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Hoffmann, R. A wiki for the life sciences where authorship matters. Nature Genetics (2008)

Hyperglycemia regulates hypoxia-inducible factor-1alpha protein stability and function.

Hyperglycemia and hypoxia are suggested to play essential pathophysiological roles in the complications of diabetes, which may result from a defective response of the tissues to low oxygen tension. In this study, we show that in primary dermal fibroblasts and endothelial cells, hyperglycemia interferes with the function of hypoxia-inducible factor-1 (HIF-1), a transcription factor that is essential for adaptive responses of the cell to hypoxia. Experiments using proteasomal and prolyl hydroxylases inhibitors indicate that hyperglycemia inhibits hypoxia-induced stabilization of HIF-1alpha protein levels against degradation and suggest that mechanisms in addition to proline hydroxylation may be involved. This effect of hyperglycemia was dose dependent and correlates with a lower transcription activation potency of HIF-1alpha, as assessed by transient hypoxia-inducible reporter gene assay. Regulation of HIF-1alpha function by hyperglycemia could be mimicked by mannitol, suggesting hyperosmolarity as one critical parameter. The interference of hyperglycemia with hypoxia-dependent stabilization of HIF-1alpha protein levels was confirmed in vivo, where only very low levels of HIF-1alpha protein could be detected in diabetic wounds, as compared with chronic venous ulcers. In conclusion, our data demonstrate that hyperglycemia impairs hypoxia-dependent protection of HIF-1alpha against proteasomal degradation and suggest a mechanism by which diabetes interferes with cellular responses to hypoxia.[1]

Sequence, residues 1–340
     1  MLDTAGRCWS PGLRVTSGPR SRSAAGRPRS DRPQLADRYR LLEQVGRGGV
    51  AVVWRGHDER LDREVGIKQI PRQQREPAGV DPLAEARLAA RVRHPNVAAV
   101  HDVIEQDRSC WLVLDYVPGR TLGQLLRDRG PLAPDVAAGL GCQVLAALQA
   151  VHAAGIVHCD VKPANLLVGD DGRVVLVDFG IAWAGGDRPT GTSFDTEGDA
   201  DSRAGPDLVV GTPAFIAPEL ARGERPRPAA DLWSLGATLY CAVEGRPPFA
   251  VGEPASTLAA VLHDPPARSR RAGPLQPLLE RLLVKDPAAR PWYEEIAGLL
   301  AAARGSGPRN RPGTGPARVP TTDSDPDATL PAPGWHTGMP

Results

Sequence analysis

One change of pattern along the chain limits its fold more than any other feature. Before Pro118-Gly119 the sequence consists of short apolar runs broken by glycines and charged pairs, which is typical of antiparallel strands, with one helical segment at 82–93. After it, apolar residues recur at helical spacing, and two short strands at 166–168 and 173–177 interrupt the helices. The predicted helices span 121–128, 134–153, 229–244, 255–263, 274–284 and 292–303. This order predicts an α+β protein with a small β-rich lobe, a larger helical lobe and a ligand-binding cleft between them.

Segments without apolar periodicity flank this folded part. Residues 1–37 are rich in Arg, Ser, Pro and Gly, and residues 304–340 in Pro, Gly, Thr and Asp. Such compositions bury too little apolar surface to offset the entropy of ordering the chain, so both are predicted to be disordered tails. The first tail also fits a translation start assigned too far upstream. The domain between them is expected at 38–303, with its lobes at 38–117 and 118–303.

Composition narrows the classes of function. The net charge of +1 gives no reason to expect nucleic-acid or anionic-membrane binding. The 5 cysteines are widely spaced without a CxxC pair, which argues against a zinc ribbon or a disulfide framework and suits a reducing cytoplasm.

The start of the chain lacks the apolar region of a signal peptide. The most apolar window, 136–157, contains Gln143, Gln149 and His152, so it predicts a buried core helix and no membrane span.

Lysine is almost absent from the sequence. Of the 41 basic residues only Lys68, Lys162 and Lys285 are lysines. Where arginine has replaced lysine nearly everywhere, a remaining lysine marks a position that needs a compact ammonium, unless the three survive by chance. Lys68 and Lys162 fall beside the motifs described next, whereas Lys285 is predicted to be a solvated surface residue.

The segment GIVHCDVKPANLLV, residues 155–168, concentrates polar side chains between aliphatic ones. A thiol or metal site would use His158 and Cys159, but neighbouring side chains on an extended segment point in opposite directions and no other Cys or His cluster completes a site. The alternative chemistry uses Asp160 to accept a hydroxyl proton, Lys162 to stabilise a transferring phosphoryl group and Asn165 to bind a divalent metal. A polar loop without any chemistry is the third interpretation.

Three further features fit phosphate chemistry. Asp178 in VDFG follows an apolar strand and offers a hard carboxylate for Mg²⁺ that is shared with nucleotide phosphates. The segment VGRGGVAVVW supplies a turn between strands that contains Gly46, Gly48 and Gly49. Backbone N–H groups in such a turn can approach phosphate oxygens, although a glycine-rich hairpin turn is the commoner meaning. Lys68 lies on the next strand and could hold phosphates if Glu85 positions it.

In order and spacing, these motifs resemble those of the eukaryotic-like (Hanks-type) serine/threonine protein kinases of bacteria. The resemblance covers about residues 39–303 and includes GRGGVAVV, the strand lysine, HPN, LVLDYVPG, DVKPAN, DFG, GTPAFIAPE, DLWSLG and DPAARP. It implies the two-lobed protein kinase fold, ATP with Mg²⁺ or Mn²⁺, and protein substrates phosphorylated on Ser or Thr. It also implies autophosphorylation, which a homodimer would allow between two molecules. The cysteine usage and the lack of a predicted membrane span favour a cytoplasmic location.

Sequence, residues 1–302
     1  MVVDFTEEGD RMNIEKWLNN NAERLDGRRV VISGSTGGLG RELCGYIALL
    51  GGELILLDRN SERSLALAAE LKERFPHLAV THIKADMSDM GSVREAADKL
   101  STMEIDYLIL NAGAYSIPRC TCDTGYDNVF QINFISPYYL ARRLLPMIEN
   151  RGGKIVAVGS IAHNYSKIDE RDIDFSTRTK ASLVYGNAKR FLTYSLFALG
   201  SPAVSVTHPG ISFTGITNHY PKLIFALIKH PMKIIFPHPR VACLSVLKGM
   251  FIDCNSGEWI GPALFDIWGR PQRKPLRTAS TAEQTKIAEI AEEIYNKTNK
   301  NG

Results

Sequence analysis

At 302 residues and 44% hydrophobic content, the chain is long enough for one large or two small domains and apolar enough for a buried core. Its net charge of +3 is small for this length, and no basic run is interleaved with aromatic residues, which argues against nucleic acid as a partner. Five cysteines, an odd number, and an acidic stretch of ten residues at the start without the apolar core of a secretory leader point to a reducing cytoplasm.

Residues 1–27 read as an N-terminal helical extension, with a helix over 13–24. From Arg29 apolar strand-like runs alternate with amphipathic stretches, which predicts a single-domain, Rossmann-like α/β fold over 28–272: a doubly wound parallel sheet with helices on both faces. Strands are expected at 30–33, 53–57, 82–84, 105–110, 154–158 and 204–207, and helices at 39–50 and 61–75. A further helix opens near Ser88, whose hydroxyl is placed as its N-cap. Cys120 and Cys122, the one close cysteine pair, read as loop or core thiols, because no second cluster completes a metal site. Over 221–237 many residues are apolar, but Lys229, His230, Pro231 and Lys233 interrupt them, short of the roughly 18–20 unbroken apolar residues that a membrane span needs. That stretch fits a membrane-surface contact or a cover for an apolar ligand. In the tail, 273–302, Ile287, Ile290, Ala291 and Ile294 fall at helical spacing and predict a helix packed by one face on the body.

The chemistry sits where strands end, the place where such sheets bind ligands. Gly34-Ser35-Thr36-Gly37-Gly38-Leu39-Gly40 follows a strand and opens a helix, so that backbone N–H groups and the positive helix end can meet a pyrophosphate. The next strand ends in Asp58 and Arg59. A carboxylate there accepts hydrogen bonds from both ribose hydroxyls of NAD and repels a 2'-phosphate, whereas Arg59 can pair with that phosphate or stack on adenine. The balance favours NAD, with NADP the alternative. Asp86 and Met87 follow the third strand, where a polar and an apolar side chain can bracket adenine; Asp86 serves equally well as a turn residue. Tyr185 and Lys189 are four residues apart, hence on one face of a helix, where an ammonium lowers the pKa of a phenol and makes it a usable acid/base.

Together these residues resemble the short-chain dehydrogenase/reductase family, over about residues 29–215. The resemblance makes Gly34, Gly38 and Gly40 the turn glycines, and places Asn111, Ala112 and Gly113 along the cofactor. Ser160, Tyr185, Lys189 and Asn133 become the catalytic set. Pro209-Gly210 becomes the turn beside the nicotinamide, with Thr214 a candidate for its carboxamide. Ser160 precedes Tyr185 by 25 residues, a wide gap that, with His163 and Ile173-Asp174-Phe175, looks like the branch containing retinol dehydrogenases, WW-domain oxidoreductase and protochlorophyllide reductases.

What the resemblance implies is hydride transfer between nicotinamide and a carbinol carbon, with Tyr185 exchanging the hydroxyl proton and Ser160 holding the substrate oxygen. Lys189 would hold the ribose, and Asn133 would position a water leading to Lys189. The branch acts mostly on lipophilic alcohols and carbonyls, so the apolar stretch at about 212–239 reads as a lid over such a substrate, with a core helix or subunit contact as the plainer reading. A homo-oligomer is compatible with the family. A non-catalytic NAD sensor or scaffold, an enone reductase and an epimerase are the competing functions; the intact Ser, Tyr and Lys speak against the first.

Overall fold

1. Hyperglycemia regulates hypoxia-inducible factor-1alpha protein stability and function. Catrina, S.B., Okamoto, K., Pereira, T., Brismar, K., Poellinger, L. Diabetes (2004) [Pubmed]
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